Old Dominion University and Hampton University joined forces to build a Solar Decathlon house called Unit 6 for the 2011 competition. Their goal was to create a solar net-zero energy house that would contribute to the formation of walkable city neighborhoods.
Team Tidewater created a modular home made from four main sections and featured passive and active solar design.
The roof had solar photovoltaic (PV) panels to generate electricity. Seen above, they were arranged in a square pattern. Located in the middle of the PV, a solar thermal panel collected solar heat to generate hot water for the home.
Passive Solar Aspects
The home was designed to be passive solar so that the summer sun would not heat up the house.
Its overhang and window placement block the summer sun’s heat, while they allow the winter sun to enter the house. Its design and materials enable the house to collect solar heat and later releases it to warm the home through the cooler evening and night. It does this passively, without motors or fans, and instead by the construction, design and orientation of the home.
A passive solar home works with the natural laws of physics, leveraging home design, materials utilized for thermal mass, along with the natural cycles of the seasons.
While this may sound complicated, it’s actually really simple and can be achieved by following a few passive solar guidelines.
Passive solar building was frequently utilized by civilizations that observed the movement of the Earth and sun, and used solar principles to their advantage. The ancient Anasazi builders built their homes in southern facing cliffs, while the Greeks utilized the sun to help heat their bath houses and designed accordingly.
Thermal Mass and Phase Change Materials
The same basic principles are still being used, albeit with different types of products.
The home featured a southern facing porch space that could be utilized throughout the year. The porch was lined with a dark colored, tile floor.
A phase change material is one that changes from a liquid to solid matter at specific temperatures having a high heat of fusion. With these capabilities, it can store and release large amounts of heat.
The phase change material was contained within plastic ‘dimples’ located directly under the tile floor. It liquefies when it is warm and forms into a gelatinous material after cooling. The material is similar to having water’s superior ability to store and release heat.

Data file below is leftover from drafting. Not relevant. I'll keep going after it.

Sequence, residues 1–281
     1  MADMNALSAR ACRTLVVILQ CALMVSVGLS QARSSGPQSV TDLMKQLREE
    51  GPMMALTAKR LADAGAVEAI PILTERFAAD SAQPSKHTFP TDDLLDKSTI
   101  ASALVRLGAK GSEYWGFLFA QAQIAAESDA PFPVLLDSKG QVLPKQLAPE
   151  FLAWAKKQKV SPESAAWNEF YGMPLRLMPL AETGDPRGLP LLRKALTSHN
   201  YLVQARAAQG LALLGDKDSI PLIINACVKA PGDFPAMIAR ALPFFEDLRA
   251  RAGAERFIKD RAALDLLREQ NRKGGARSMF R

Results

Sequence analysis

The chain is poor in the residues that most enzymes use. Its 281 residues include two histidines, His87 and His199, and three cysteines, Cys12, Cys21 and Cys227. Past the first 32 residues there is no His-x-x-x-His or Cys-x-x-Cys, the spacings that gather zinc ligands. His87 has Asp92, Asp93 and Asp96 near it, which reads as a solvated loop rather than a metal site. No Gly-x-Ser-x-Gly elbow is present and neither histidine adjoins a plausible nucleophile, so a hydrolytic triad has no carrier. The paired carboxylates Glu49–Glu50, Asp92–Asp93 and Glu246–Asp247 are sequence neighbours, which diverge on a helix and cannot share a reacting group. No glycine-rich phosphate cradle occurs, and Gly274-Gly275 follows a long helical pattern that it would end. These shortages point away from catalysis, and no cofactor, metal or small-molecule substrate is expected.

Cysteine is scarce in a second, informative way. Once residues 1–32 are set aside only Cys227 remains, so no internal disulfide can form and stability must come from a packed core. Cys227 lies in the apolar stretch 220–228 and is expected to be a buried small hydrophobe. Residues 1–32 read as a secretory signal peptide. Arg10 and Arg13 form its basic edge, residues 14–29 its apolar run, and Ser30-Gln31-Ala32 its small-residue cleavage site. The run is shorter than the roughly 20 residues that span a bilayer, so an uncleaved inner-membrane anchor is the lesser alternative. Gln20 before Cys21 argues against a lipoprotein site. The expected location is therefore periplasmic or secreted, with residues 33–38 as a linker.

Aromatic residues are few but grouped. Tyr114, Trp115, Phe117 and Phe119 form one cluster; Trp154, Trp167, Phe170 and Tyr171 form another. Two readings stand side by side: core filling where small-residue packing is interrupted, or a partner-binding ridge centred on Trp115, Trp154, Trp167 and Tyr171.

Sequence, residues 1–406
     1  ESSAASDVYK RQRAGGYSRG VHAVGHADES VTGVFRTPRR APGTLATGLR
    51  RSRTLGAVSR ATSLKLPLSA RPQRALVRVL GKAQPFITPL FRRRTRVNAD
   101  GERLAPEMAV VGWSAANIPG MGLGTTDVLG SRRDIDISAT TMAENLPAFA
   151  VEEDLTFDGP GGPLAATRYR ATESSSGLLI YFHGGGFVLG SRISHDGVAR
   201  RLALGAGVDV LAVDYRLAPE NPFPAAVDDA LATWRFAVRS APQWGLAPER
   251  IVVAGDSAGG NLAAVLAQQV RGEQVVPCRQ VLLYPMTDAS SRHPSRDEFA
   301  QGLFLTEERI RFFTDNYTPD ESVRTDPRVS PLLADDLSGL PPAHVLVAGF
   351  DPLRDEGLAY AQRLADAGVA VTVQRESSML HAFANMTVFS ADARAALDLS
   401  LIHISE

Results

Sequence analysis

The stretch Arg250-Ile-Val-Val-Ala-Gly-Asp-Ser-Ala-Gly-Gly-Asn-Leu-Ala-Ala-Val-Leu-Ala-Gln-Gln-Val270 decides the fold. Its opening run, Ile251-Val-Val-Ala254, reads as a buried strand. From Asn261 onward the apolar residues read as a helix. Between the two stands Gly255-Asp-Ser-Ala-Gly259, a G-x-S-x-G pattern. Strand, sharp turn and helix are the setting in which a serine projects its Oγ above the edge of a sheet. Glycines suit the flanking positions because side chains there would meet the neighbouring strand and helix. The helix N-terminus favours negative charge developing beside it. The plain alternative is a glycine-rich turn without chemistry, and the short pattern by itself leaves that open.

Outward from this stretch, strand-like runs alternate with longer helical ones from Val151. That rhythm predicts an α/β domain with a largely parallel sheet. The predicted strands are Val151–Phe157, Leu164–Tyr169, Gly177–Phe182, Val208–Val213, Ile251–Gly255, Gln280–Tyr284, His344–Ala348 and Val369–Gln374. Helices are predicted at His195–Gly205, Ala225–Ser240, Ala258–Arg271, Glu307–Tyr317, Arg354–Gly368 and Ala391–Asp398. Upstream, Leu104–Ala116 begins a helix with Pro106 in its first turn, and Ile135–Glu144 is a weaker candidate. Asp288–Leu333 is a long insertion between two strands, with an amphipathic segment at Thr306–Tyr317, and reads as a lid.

How this works: During the winter when the sun shines on the tile, it warms it, allowing the solar heat to be stored both with in the tile and the phase change material. Because these materials can store large amounts of heat, after the sun goes down, the heat is slowly released from the material, transferred through the tile, and helps to keep the home warm through the cooler evening and night.
Using Air Flow to Heat and Cool
The Unit 6 home could be categorized as an envelope house because it uses air currents to cool the home.
The motorized window in the front porch area seen above allows air to be pulled through the porch and into the kitchen.
The home is naturally ventilated as the warmer air is pulled out the windows located at the top of the home, as warm air naturally rises.
The air flow takes place from the left to right side of the picture. An open window can be seen on the upper right hand side of the kitchen where it will exit the home.
In order to save energy, the HVAC that was installed can sense when any windows are open and will not operate. This is a function that can be overridden, but over time, it is also one that saves enormous amounts of energy.
The kitchen and bathroom were located in close proximity to keep the water lines short and energy efficient.
Windows, sometimes referred to as ‘glazing’, are another important aspect of an efficient passive solar home.
The windows that Unit 6 utilized in the southern facing living room had the ability swing open on the side, or from the bottom.
The team used double paned windows on the southern side of the building and triple paned windows throughout the rest of home.
Outside the windows, wooden overhangs block the summer sun’s heat, while they allow the winter sun to warm the home.
Windows are often the culprit of energy loss, however, these windows have mechanical gaskets that can be seen in the gallery below.
Other Features of Unit 6
Instead of a door, the home had a moving bookshelf to close the bedroom off from the living room. See the shelf with the TV on it? That section of the shelf can slide to the right to meet the other bookshelf and provide a partition between the separate areas.
Other facets of this Solar Decathlon home include a water cistern located in the back of the home. Water could be collected from the roof, stored in the cistern and reused as irrigation water in the yard.
The utility room was located outside the home. It was accessible under a southwest facing awning that was also helpful in shading the area from the afternoon sun.
The Tidewater team worked with a modular home contractor to build the home, yet integrated local materials such as the Cyprus wood from neighboring North Carolina used for the bands of natural wood surrounding the home.
Take a look at the photo gallery and video to learn more about the Unit 6 Solar Decathlon home from Old Dominion and Hampton University.
The Photo Gallery
Team Tidewater scored the highest in the categories of Comfort Zone and Appliances with a 4th and 5th place finish, respectively. The Unit 6 house was estimated to cost $325,613.44 and the team finished 14th overall in the 2011 Solar Decathlon.
To learn more about the Unit 6 Solar Decathlon house take a look at the video below.
See the original model that was submitted to the Solar Decathlon.
Check out Old Dominion and Hampton University’s Team Tidewater website to see more of Unit6 Unplugged: teamtidewater.odu.edu
The 2011 Solar Decathlon Main Website: solardecathlon.gov